alum is all the cure that
snske bite Is not doing
Transcript: By docking ab
sentees 21 a day Uncle Bam would be a
big winner, for there are few congressmen
whose services are worth all that money.
Republic: Foreign criticism
of our paid legislatures la refuted again
by the alacrity with which our statesmen
hustle back to Washington when some
body threatens to stop their salaries.
SEPTEMBER 7-11, 1914
REGULAR TRAINS -From Omaha daily at
6:40 A. M. 8:20 A M.- 9:15 A. M. 1:10 P. M. :10
P. M. 7:25 P. M. 11:55 P.M.
SPECIAL TRAIN TUESDAY AND WED-
VESDAV From Omaha at 8 A. M.; from South Omaha
at 8:15 A. M.; returning from Lincoln depot at 10 P. M.
"OMAHA AND SOUTH OMAHA DAY"
THURSDAY 8Pec,al trains from Omaha at 8 A. M.
and 9 A. M.; from South Omaha. 8:15
A. M. and 9:15 A. M.; returning specials will leave Lin
coln depot at 7 P. M. and 10 P. M.
REGULAR TRAINS From Lincoln daily at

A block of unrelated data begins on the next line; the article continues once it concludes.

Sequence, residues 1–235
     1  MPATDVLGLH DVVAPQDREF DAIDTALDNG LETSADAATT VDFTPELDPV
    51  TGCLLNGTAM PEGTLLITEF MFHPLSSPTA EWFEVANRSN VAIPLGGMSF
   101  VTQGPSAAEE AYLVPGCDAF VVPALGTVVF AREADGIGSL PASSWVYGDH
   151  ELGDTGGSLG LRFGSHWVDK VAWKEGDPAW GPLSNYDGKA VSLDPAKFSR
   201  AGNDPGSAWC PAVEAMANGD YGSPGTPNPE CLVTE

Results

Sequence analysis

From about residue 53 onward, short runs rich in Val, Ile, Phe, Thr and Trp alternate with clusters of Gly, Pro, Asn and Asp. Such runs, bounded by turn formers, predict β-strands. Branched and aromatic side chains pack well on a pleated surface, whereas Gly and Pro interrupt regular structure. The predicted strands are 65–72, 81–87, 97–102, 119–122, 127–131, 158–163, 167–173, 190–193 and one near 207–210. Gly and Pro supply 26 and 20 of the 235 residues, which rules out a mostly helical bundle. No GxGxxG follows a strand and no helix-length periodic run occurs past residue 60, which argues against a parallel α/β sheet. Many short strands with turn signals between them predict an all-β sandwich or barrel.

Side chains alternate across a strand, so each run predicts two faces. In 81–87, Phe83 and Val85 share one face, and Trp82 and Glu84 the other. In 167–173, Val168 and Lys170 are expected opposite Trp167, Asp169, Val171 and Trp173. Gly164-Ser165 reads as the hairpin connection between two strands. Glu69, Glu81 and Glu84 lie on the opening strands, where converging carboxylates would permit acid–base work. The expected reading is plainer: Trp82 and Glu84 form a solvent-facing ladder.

6:20 A. M., 7:50 A. M., 10:45 A. M 1:50 P. M., 4:80
P. M 6 P. M. Will not stop opposite Fair Grounds.
SPECIAL TRAIN TUESDAY AND WED-
XESDAY from Lincoln depot at 10 P. M.
SPECIAL TRAINS THURSDAY FROM LIN
COLN DEPOT at 7 P. M. and 10 P. M. Eastbound train
will not Btop opposite fair grounds. . . .
ON TUESDAY, WEDNESDAY AND THURSDAY,
SHUTTLE TRAINS EVERY FEW MINUTES BETWEEN
BURLINGTON STATION AND FAIR GROUNDS. ROUND
TRIP TICKETS ON SALE AT THE GATES TO THESE
TRAINS. FARE, ROUND TRIP, 10 CENTS; ONE WAY, 5
ALL WESTBOUND REGULAR AND SPECIAL TRAINS
FROM OMAHA FROM 8 A. M., UP TO AND INCLUDING
THE 1:10 P. M. TRAIN, WILL STOP AT FAIR GROUNDS;
EAST BOUND TRAINS FROM LINCOLN WILL NOT STOP
AT FAIR GROUNDS AND SHOULD BE TAKEN AT LIN.
mom m msam m m oao-io
and Resorts of
Atlantic Coast and New England
Direct or via Washington te Seashore Res arte
. and New York. Diverse Routes te New
York aad Boston incloduig oa way through
Canada if desired; All -Kail and Rail and
Steamer! Co One Route Return Another,
liserat Stopovers Long Rstura Limit.
KEDUCBD FAKB ROVSOTKIP TICKETS
wulj odiat mtd mi kamt tuktt mttum jraUajr
' lor trasi, m Cf e
Sold Daily Until September 30th, Inclusive
t lml rw Aflm 0w c. au) W.H. MOWLASO'.
i i. ... k . i uij. aui u i aar
W ersafaai Afcrw, aWe casj jv saiia sassi ay siai gyngsy 'm m nm eT.
GO - DO O O Q o : o o